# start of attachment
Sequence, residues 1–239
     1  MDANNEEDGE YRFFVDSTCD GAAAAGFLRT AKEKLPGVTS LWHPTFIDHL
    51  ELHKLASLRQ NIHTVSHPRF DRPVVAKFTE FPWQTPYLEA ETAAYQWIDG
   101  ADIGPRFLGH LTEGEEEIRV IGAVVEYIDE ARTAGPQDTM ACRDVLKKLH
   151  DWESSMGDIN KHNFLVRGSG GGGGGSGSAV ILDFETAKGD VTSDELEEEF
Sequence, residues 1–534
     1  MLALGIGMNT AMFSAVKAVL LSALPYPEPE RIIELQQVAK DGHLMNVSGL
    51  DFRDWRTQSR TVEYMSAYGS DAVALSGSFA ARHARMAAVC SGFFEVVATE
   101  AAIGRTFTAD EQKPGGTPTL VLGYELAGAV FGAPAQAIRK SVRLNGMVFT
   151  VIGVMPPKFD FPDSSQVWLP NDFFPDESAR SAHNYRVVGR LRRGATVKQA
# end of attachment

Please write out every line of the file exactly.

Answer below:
Sequence, residues 1–239
     1  MDANNEEDGE YRFFVDSTCD GAAAAGFLRT AKEKLPGVTS LWHPTFIDHL
    51  ELHKLASLRQ NIHTVSHPRF DRPVVAKFTE FPWQTPYLEA ETAAYQWIDG
   101  ADIGPRFLGH LTEGEEEIRV IGAVVEYIDE ARTAGPQDTM ACRDVLKKLH
   151  DWESSMGDIN KHNFLVRGSG GGGGGSGSAV ILDFETAKGD VTSDELEEEF
Sequence, residues 1–534
     1  MLALGIGMNT AMFSAVKAVL LSALPYPEPE RIIELQQVAK DGHLMNVSGL
    51  DFRDWRTQSR TVEYMSAYGS DAVALSGSFA ARHARMAAVC SGFFEVVATE
   101  AAIGRTFTAD EQKPGGTPTL VLGYELAGAV FGAPAQAIRK SVRLNGMVFT
   151  VIGVMPPKFD FPDSSQVWLP NDFFPDESAR SAHNYRVVGR LRRGATVKQA